With the money I earned from this business I bought my first car outright (‘98 Ford Explorer). And I had a nice little nest egg when I went to college.

But before I went off to school, I had to give up the lawn business. I’ve learned since that I could have sold that business (five-ten steady lawns per week) for an extra $5,000-$8,000. Instead I gave it to a kid down the street. I found out later that he mowed for the rest of the summer and let the business fizzle out.

Lesson 10: Do a good job, be friendly, and your neighborhood business will naturally spread.

Lesson 11: A business with recurring revenue has value and should be sold.

The College Days

My sophomore at Colorado State University I learned that all the business things I had been doing since I was a kid was called, “entrepreneurship.” I had heard that word before but I didn’t know what it meant.

That spring I watched the 2008 Venture Adventure Business Plan Competition. That was the day I realized that I wanted to be an entrepreneur for the rest of my life.

Side note: I found out later that Matt Wilson from Under30CEO presented at that competition.

When I was watching a particularly boring presentation, not Matt’s, I decided that I wanted to compete next year. That day I came up with the idea for what later became JuniorBiz.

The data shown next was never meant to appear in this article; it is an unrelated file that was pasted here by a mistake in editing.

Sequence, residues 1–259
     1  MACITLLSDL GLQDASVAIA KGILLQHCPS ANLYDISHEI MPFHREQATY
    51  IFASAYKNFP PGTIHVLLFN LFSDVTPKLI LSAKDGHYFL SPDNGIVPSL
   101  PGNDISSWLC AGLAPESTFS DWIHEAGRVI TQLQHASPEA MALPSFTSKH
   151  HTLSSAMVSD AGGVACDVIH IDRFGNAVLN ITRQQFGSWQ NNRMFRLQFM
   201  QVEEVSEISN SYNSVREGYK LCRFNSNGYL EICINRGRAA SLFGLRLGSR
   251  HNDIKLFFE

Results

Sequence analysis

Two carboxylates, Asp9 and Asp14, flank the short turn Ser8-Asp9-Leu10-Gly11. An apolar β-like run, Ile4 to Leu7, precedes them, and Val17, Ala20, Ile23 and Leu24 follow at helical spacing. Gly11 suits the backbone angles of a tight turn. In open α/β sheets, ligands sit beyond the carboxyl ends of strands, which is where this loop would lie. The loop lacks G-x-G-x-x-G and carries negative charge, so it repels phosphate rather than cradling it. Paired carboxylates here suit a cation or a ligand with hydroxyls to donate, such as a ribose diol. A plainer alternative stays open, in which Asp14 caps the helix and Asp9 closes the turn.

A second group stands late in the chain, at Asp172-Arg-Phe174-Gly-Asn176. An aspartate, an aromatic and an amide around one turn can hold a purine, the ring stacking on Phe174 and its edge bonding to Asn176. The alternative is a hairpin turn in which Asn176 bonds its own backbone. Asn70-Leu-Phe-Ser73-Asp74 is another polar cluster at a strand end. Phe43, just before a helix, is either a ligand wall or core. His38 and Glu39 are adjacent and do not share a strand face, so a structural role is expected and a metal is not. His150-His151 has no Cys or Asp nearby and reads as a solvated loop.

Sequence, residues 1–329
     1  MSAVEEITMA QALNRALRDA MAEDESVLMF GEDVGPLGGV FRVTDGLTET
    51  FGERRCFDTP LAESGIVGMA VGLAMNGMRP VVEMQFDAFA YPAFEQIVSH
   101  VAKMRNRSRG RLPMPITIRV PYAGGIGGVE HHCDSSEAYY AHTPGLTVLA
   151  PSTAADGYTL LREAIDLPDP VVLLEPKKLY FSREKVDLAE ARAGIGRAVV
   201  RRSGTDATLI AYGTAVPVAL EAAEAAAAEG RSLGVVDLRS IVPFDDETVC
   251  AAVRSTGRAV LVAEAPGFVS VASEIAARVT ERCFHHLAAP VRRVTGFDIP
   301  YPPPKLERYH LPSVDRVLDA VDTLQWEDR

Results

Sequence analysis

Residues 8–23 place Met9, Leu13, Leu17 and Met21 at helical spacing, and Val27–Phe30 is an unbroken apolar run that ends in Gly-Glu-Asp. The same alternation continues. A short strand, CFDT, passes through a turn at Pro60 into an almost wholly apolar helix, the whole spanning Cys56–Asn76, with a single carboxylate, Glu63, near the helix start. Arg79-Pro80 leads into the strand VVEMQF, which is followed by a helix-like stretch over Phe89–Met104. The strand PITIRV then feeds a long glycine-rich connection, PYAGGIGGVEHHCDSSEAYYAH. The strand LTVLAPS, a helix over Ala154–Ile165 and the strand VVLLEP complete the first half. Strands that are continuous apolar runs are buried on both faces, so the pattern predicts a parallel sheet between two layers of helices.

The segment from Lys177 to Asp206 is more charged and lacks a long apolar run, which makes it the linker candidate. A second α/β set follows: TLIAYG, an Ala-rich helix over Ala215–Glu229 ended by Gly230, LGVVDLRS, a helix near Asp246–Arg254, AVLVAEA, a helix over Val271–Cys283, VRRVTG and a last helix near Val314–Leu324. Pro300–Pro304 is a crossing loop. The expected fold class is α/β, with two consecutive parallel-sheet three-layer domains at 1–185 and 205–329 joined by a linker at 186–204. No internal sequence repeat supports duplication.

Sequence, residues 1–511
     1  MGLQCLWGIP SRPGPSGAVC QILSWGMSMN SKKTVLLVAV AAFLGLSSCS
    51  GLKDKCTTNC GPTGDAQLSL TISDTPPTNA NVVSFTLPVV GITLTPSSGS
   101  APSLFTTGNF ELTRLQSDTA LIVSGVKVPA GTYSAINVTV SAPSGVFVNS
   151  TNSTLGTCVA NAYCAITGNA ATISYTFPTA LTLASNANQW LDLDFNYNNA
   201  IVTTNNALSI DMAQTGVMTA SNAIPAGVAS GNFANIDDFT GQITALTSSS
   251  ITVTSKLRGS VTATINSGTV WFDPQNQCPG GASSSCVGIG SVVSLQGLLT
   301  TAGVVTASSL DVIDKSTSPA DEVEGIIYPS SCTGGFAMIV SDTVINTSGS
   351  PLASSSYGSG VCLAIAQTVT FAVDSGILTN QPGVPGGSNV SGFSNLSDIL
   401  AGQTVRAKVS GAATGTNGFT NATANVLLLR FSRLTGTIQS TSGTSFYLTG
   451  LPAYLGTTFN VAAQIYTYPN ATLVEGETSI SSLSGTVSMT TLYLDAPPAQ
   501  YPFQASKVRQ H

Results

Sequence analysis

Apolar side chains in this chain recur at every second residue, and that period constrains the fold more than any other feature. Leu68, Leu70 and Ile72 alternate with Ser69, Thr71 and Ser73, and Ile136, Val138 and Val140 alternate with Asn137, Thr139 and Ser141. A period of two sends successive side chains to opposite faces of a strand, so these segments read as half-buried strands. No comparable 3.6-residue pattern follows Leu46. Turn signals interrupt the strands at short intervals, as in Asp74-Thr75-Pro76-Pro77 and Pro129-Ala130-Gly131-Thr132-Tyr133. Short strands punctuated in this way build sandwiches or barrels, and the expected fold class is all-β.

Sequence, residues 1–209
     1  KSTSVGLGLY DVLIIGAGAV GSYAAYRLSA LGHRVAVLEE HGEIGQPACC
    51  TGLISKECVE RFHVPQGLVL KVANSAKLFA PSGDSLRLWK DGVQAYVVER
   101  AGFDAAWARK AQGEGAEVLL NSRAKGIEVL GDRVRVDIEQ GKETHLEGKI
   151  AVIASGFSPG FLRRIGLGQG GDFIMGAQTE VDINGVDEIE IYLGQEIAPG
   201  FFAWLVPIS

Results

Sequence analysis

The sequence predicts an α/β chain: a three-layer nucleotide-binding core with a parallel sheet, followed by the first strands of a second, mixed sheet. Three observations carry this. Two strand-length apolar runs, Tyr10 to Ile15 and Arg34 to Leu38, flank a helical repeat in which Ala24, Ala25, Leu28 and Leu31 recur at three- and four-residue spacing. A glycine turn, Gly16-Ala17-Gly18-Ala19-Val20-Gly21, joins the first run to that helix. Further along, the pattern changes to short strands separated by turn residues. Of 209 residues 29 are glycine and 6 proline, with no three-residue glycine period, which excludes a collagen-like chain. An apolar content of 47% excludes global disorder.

Lesson 12: Immerse yourself in an entrepreneurial environment if you want to become a successful entrepreneur.

During the latter half of my Sophomore year I started developing the idea for JuniorBiz. I knew that my mission was to teach young people how to start, run, and build businesses. I also knew that the internet was the best way to reach people. But I didn’t have a clue how to build a website.

One Friday afternoon I saw a job posting for a web developer. My uncle taught me a few things about domains and hosting, so I called the guy. After chatting a bit we scheduled the interview for Monday morning. I spent the entire weekend learning everything I could about making a website. When Monday rolled around, I met with the guy and he gave me the job.

That job paid me to learn the skills that I wanted to learn anyway, and I used those skills to build

After spending a few months writing my business plan, I competed in the 2009 Venture Adventure.

Lesson 13: If a customer asks if you can do something, say “yes, I can do that.” Then learn how to do it.

Nicholas Tart College EntrepreneurOnce JuniorBiz was up and running, I wanted to learn how to become successful. So one night at a networking event I met the publisher of 50 Interviews. I told him I wanted to interview young entrepreneurs and make a book out of it. He thought it was a good idea so he signed me on as an author.

Before I started the interview process, I recruited my best friend from high school, Nick Scheidies, to help me write the book. In July 2010 we published, What it Takes to Make More Money than Your Parents.

Lesson 14: To be successful, you need to model other people who have found success before you.


I’m focused on 14 Clicks.

Michael Dunlop sold Pokémon cards. Keith J. Davis Jr. sold bubble gum. Andrew Fashion sold mechanical pencil rocket launchers.

In the comments below, tell me what you did as an entrepreneurial kid. I’m looking forward to reading about your story.

Post image by: Nicholas Tart


Aladin September 1, 2011 at 4:00 am